More shoes and BOOKS BOOKS BOOKS

Ahhhh. Seminary.

Over the last few days, I have become officially entrenched in seminary. ¬†I received my email account and my login information into one of the most basic online student information tool I have ever seen. ¬†The tool I used at Cornell in 2000 was incredibly detailed which makes the tool at LTSP look really really sad. However, they promise to unleash new features soon so I’m looking forward to that. At least I’m now able to see that I really am enrolled at LTSP and that, in a lot of ways, is all I really need. ¬†It made me comfortable enough to add LTSP to my facebook page. ¬†I can’t get more official than that.

Today, the book list for my classes arrived and – well – it didn’t shock me too much. I expected to spend close to $500 a semester in books and, if I did the math right, I won’t reach that amount this semester. I am, of course, completely ignoring the ‘suggested’ book list for one of my classes. ¬†If I bought those books, my total book cost would double. ¬†Two of those books I will most likely buy (for fun) but I’m very curious to see if my professor is the type of professor where ‘suggested books’ are really ‘required books’. ¬†If yes, I might end up spending most of my time in seminary at the library reading those suggested books. ¬†I don’t think I have the physical space in my bags to carry those books between home and seminary every week.

The email containing the book list also included a small plea from the administrators that I purchase all my books from the seminary bookstore. I understand the sentiment. ¬†I fully want to support the book store. I have, already, purchased some items from there even before I was enrolled. ¬†The book store does have a 20% discount on most titles I am required to pick up which, in some cases, is less than’s prices. ¬†And that’s great. ¬†And for those few books, I will be picking them up from the store. ¬†But if I’m going to save $20 bucks buying a new copy from an partner, I have to take that deal. ¬†I hope the bookstore can forgive me.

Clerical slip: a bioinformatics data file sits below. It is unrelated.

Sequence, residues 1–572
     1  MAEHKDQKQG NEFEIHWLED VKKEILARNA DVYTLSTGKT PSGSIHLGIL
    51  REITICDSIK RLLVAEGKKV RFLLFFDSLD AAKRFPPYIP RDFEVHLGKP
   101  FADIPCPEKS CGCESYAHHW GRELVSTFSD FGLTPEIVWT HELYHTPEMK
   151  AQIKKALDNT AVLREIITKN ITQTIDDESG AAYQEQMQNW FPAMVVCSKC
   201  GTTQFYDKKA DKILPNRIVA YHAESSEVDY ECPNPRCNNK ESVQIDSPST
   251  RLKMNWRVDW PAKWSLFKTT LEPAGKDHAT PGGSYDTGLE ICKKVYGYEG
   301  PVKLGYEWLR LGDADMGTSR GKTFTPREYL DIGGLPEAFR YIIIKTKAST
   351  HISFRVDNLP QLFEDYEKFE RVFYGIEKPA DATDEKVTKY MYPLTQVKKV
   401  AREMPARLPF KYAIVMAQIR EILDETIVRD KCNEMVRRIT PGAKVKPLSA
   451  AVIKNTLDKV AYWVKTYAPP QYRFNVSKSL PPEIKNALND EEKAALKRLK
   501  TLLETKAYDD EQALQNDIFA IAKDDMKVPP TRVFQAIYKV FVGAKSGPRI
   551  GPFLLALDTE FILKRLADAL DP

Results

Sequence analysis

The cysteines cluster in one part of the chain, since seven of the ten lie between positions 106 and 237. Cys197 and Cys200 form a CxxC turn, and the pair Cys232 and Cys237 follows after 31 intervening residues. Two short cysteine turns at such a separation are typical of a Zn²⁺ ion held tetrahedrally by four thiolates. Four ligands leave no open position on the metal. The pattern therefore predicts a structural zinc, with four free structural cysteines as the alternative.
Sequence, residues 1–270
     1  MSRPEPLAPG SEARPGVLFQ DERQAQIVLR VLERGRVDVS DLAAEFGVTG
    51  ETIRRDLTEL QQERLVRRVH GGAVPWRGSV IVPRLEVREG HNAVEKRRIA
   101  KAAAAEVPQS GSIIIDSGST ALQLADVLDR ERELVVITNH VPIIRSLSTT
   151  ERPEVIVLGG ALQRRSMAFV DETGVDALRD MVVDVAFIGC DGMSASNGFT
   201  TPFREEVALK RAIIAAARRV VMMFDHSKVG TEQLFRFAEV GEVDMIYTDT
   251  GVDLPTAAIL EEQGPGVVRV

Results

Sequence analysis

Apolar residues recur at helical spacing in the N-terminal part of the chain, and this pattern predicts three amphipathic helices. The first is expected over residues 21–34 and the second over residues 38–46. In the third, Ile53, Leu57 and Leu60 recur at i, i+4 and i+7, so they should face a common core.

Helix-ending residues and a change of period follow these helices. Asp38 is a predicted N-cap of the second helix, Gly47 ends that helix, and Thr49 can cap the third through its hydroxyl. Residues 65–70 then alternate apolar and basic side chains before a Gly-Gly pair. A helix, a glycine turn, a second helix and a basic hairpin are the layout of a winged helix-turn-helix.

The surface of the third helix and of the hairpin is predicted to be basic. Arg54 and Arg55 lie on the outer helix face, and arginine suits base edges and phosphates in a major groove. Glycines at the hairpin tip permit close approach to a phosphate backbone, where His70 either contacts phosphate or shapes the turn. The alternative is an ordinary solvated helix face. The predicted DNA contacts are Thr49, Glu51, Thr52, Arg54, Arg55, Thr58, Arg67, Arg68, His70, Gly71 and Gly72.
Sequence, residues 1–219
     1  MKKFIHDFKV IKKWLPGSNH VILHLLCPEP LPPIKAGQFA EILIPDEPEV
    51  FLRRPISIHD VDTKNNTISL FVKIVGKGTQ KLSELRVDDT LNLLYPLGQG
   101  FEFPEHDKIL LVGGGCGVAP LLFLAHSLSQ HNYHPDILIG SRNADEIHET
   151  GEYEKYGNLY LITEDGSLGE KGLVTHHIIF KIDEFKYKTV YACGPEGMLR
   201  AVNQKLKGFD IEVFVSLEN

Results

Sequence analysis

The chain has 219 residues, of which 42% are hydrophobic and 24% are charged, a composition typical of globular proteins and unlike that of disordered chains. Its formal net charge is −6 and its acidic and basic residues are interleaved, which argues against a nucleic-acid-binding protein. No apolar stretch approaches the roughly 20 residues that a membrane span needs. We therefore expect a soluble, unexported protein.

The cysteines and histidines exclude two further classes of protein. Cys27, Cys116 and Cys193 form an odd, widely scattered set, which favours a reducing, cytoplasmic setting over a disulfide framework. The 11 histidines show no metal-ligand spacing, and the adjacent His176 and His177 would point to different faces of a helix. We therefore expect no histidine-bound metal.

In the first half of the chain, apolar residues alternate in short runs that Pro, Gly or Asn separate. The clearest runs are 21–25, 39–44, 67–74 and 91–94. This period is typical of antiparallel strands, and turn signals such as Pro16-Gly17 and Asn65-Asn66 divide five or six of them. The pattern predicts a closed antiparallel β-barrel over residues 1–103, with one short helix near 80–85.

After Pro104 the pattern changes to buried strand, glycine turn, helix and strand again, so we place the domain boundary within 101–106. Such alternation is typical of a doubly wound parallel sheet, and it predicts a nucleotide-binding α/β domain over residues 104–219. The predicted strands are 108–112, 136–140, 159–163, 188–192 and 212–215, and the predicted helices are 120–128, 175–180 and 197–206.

And being the engineer that I am, I quickly threw together a spreadsheet of the books I need, their price points on various websites, and whether buying the books on a Kindle was a possibitly. ¬†I don’t have a Kindle yet but I want one – ooooooh, do I want one. ¬†Only a half a dozen titles, or so, are available for the Kindle and the savings between buying a new/used copy and the kindle copy does not make up enough to justify buying a Kindle right away. ¬†Over the long term, I’ll probably save money. And I’ll probably save money on any future back problems that I’ll develop while lugging those books back and forth. ¬†But, sadly, too few of my books are un-kindle-ized at the moment. I hope that changes.

After placing a small book order, I then went out to TJ Maxx and bought some more Chucks.  Getting those shoes 40% off is a deal I will take advantage of all day, every day.  Thus, my total seminary cost is, at the moment, slightly north of two hundred.  So far, so good.

One thought on “More shoes and BOOKS BOOKS BOOKS”

  1. Keep us updated on the Kindle-ization of theological books. The moment e-readers were invented, I thought they would be a brilliant solution to one particular problem, viz., Hebrew class. Unless you are exceptionally good at languages, just sitting in an exegesis class means keeping your Hebrew Bible, lexicon, and textbook open in front of you, probably along with a notebook, flash cards, and English Bible. It’s a nuisance in the classroom, and a spine-crusher in the backpack.

    A Kindle could reduce the baggage considerably, but only if the standard Brown-Driver-Briggs lexicon and Hebrew Bible were available. Which strikes me as one of those things that ill happen soon, if it hasn’t yet.

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